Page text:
As we drove back up to Worcester on Tuesday morning it was as if the cancer had been restricted to operate within our county and was now waiting for us on our doorstep like a cruel step-mother wielding a rolling pin with a scornful and threatening look which says “Just where do you think you’ve been!?” and “Just wait until I get my hands on you!” all at once. The next few days seemed like cancer gave Annie a good hiding with bouts of nausea and extreme fatigue that completely betrayed the energy she had enjoyed just a few days before. But it was nothing compared to what she experienced this last Sunday.
From Thursday evening Annie was beginning to perk up a bit and was able to move downstairs again following a few full days in bed. By Friday the long period of wet and dull weather had passed and we were set for some beautiful signs of summer. On Saturday morning I was finally able to tackle our front and back lawns, both of which were looking lush, thick and way overgrown! In the afternoon Annie, Mom Ruth and I went out with some friends from Manor Park to a nearby outdoor museum complete with Edwardian tea-room, clotted cream scones, bottomless amounts of tea and some much needed fellowship in the sun!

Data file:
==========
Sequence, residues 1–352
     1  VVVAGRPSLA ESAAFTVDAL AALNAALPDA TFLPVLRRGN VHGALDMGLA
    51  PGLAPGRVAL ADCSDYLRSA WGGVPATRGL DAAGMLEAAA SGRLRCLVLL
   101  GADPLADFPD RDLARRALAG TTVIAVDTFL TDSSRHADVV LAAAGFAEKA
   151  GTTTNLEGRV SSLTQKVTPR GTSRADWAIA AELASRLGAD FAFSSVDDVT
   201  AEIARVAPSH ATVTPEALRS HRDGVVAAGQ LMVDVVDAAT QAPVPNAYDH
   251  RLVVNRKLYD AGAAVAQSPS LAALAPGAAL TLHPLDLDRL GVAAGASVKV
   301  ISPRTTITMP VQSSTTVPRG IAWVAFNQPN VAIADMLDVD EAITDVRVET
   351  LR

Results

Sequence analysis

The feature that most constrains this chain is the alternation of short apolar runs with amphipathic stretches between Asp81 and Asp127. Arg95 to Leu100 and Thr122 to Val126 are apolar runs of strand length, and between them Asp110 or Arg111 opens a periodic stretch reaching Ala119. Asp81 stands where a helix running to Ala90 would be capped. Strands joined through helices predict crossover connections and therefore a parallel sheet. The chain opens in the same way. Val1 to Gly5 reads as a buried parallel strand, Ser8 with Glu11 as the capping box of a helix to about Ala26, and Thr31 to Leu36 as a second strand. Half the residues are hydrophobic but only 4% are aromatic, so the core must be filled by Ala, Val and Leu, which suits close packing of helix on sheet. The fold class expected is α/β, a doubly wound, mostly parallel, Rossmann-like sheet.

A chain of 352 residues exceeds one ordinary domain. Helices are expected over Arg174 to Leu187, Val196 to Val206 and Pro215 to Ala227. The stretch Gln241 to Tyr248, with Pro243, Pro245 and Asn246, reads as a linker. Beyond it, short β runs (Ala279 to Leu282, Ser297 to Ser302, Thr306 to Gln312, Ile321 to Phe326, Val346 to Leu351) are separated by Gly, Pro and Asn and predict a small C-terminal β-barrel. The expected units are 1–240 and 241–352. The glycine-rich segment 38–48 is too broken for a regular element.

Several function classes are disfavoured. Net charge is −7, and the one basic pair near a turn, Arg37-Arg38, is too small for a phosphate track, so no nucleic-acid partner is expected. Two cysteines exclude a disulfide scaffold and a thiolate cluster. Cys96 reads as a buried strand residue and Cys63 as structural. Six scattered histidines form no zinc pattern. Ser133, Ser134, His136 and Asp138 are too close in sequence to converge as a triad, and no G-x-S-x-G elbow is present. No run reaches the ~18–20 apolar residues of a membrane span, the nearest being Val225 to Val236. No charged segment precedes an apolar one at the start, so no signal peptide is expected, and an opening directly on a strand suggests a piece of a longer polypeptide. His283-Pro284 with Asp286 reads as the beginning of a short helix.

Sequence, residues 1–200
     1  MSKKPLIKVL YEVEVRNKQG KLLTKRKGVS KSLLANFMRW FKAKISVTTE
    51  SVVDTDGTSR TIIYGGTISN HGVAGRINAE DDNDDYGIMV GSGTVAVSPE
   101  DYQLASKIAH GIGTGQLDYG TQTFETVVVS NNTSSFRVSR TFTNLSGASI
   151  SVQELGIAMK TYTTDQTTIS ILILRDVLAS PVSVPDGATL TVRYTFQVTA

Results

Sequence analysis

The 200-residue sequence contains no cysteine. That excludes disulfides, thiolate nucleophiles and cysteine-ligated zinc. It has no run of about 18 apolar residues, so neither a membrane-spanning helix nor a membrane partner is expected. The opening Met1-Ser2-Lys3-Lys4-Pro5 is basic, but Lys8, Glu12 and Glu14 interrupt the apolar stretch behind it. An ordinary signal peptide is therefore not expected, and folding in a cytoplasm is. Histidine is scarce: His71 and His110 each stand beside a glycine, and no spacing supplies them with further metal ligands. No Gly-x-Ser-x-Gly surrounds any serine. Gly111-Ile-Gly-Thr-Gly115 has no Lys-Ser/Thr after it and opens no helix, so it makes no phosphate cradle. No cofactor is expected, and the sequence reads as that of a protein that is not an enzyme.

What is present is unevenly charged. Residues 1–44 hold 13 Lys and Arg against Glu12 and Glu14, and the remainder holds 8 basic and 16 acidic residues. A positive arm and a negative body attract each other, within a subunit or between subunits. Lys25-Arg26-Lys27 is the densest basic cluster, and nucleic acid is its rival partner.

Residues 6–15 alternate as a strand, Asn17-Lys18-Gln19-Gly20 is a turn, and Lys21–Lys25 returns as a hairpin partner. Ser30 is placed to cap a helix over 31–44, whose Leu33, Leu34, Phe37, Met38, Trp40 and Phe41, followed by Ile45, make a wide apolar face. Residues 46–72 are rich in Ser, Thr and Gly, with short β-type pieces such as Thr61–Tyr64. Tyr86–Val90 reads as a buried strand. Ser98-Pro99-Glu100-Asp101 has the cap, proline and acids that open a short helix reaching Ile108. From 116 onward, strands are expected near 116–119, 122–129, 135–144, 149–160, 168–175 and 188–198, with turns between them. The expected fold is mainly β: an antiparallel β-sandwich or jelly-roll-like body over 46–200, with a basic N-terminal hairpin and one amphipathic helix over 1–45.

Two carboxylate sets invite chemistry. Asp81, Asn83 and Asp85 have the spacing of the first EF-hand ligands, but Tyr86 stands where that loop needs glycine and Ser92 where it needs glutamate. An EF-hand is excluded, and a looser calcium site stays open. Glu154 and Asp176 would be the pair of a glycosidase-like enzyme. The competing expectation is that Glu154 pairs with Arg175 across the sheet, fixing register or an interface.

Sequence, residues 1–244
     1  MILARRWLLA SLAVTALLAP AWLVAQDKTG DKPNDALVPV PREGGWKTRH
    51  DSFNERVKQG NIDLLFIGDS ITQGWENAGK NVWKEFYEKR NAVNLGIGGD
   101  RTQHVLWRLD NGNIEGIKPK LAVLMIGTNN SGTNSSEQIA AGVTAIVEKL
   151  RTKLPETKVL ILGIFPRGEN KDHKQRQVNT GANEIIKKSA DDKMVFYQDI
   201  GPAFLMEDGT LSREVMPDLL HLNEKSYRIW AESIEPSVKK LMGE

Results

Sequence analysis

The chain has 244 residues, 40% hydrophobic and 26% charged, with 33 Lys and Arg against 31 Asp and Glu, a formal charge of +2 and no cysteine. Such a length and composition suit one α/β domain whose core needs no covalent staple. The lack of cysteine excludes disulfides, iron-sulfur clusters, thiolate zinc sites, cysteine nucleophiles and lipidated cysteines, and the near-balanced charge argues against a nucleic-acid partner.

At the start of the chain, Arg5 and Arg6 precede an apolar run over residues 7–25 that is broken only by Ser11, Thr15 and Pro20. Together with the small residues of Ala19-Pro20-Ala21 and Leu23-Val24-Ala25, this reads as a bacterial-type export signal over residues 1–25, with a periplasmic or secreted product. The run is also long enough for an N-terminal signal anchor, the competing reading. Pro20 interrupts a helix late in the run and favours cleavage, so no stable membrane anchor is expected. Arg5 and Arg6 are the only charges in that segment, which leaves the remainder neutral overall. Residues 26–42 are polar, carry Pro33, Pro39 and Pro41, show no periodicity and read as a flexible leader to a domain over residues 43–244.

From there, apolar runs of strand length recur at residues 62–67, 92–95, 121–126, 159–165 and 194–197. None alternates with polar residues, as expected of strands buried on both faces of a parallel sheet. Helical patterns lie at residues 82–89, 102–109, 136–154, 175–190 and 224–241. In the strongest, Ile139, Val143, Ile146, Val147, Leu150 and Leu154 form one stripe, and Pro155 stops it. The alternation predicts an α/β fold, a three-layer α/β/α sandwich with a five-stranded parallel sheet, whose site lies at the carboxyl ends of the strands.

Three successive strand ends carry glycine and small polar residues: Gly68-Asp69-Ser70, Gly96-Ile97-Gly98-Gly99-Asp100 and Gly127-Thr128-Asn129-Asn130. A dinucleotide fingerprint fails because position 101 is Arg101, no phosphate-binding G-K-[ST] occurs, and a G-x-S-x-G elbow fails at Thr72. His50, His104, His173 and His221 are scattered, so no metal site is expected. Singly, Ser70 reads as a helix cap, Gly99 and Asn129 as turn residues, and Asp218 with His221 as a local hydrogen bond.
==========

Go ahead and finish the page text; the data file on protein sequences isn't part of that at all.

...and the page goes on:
Then came Sunday.
On Saturday evening Annie was beginning to experience some pain in her lower back. She described the pain as being like sciatica – something she has been no stranger to, even before cancer. On Sunday morning she was experiencing the same pain but she described it as manageable and insisted Mom and I go to the morning worship service. We had a lovely time there and as we drove home I was beginning to think about what we would eat for lunch because I was ravenous!
Within thirty minutes of getting home, Annie entered a new chapter of pain that was like nothing else I have seen before and nothing like she had ever experienced before. I’ve seen Annie cry a lot. Every time we reach that scene in Anne of Green Gables when Uncle Matthew dies, I look across and those tear ducts are just overflowing with crystal tears! But I’ve never seen Annie cry tears like this before. She was literally under a fierce and unrelenting grip of intense, excruciating and agonising pain. We’ve never experienced the pain of childbirth so cannot compare but in my mind it was the closest thing to it that we’ve ever been through – only it was more like a pain that would end in death, not new life. She was gasping, crying, wailing, sobbing. It was so sickening to watch that I went from ravenous to nauseous in moments.